One difference in our setup is that they don’t have to make up their advance. Traditionally, a book writer wouldn’t get a dime—I know this, because I wrote a book and I didn’t get a dime—until they make up their advance. In our case, we actually want the writer, from the first day, to be getting money. Partly so we can make this argument to readers that the money that they are paying is not going to some publishing executive, it’s actually going to a writer who has two kids and lives in Portland, Oregon, and just loves doing these stories.

I would imagine this is a very popular system with your freelancers. Have you been inundated with submissions since you launched?

I have, yeah. If there’s a word that’s stronger than “inundated,” that’s what I am.

Well in that case, I won’t keep you any longer…

Can you please make sure to tell people—because I’ve been a freelancer for ten years, and I hate when I pitch a place and never hear back, and now I’m doing that to other people—I’ve got piles and piles of pitches and I can’t even respond to them, but I’m really, really trying as hard as I can to get back to everyone.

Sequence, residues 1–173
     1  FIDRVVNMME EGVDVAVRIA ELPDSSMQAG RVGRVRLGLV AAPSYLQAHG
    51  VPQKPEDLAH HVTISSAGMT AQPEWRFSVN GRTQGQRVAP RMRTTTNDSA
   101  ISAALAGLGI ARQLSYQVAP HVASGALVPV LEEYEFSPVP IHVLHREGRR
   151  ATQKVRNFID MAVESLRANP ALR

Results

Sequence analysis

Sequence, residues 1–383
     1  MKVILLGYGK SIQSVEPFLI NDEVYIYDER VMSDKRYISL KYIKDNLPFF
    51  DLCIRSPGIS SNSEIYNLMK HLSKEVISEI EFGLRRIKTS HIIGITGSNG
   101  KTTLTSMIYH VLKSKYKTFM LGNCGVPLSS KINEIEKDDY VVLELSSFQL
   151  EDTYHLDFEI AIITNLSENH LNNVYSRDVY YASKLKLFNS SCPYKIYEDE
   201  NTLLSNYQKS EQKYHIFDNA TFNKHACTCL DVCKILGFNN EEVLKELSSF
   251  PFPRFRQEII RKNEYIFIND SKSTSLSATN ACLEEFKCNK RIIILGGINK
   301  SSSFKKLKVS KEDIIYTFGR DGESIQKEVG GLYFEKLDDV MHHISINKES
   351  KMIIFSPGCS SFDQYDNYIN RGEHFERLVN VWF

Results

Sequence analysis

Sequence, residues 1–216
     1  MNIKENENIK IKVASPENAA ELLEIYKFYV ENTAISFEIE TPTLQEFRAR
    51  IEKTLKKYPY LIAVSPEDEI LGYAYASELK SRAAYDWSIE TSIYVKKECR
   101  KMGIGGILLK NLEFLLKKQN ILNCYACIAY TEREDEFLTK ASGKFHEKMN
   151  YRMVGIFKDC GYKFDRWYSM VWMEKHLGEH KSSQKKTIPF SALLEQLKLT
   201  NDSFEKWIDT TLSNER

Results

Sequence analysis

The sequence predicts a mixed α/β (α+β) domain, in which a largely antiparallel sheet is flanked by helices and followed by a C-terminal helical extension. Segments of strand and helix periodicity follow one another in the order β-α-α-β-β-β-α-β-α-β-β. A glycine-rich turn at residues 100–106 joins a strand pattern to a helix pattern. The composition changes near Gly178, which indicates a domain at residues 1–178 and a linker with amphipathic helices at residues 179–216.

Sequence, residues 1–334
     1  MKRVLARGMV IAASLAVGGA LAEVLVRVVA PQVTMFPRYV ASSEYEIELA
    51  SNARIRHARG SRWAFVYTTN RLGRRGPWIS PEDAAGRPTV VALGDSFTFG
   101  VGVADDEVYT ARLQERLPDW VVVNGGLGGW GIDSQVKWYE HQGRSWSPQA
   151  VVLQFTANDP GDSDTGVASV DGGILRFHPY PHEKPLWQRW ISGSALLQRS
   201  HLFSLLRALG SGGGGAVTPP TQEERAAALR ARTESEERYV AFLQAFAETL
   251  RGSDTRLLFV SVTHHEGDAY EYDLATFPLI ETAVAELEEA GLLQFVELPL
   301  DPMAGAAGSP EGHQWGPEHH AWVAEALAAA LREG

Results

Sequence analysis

Will do.

If you'd like to get email from CJR writers and editors, add your email address to our newsletter roll and we'll be in touch.

Lauren Kirchner is a freelance writer covering digital security for CJR. Find her on Twitter at @lkirchner